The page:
Less than 12 hours after tossing seven no-hit innings against the Mariners in an extended Cactus League appearance on March 27, Royals right-hander Yordano Ventura was back in the training room at 5:45 a.m. preparing for Monday’s opening-day start.
While the 23-year-old Ventura’s strength and poise shined brightly in his rookie campaign, Royals manager Ned Yost said it’s Ventura’s work behind the scenes like that morning in late March that made Saturday’s five-year $23 million contract announcement most intriguing for the club. The deal, which runs through 2019, also includes club options in 2020 and 2021.
“He’s the kind of guy that you can give a long-term contract and trust that he is going to do everything he can to fulfill that contract to the best of his ability,” Yost said. “He is not going to take anything for granted, he is going to continue to be a professional, continue to work his tail off and continue to keep himself in tip-top shape.”
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Ventura, through translator Jeremy Guthrie, in turn thanked the ownership for their faith in him.
“I am very grateful to be healthy and to be in the situation to sign this contract,” Ventura said. “I am also grateful to the Glass family not only for this contract, but the first one that was signed in the Dominican Republic at 17 years old. Also for the confidence they have in me to reward me with this.”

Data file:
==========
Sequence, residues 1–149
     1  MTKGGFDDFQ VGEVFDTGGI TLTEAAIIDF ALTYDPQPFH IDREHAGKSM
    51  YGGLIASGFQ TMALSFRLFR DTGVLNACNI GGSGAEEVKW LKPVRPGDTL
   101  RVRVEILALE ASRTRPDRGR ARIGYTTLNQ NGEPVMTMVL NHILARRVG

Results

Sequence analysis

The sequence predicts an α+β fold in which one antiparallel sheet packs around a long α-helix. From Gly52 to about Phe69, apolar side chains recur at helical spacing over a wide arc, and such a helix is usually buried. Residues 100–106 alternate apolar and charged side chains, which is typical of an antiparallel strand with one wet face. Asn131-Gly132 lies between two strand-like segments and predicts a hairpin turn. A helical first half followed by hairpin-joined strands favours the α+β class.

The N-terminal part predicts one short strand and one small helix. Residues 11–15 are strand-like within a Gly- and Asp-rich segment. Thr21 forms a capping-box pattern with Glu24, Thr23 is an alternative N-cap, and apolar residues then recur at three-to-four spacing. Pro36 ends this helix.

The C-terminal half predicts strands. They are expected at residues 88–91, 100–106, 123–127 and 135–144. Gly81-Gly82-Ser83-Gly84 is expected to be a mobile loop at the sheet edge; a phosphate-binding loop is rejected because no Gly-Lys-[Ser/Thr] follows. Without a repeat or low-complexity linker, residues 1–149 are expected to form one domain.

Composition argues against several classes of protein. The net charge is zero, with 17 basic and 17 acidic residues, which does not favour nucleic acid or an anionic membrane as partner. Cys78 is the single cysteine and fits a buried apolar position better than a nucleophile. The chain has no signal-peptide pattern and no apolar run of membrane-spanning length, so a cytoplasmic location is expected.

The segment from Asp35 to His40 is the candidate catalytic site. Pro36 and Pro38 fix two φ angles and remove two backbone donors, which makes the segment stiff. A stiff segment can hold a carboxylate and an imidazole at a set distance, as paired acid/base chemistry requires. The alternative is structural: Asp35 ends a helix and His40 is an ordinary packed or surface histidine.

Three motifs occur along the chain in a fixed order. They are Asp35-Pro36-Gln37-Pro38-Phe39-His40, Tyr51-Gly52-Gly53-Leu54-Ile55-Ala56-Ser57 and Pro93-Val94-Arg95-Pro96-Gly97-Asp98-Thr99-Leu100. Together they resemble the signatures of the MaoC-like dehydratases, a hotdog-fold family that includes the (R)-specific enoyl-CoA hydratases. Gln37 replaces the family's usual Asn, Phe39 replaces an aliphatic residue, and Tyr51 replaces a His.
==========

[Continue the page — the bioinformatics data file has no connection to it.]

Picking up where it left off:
Ventura explained that the deal offered stability and flexibility to return to the Dominican Republic to see his family.
“It has a lot to do with my family and the ability to get back and help out,” Ventura said. “This is a situation that allows me to do that and now I want to continue to pitch well, stay healthy and be able to play well during the contract.”
General Manager Dayton Moore said early negotiations focused on a one-year contract with possible motives for a longer deal which contributed to the slow progress.
However, with opening-day approaching, the conversation picked up in the last four of five days with a goal either to reach a decision or table discussion.
“He is really a once-in-10-year type of talent that comes along and we have to move forward and get those kind of players signed long-term,” Moore said. “Fortunately it worked.”
Ventura, who will be the Royals’ second youngest opening-day starter in club history, is coming off a 14-10 record with a 3.20 ERA across 30 starts last year. He led American League rookies with 22 quality starts, 183 innings and a .240 opponent batting average. His ERA ranked 10th in the league overall.
He became the fourth Royals rookie to make 30 or more starts and his 14 victories ranked fourth all-time by a first-year pitcher in Kansas City.
In five postseason appearances and four starts, Ventura went 1-0 with a 3.20 ERA and 14 strikeouts. He allowed just two runs in 12 1/3 innings during two World Series starts. He earned the victory in game six with seven shutout innings.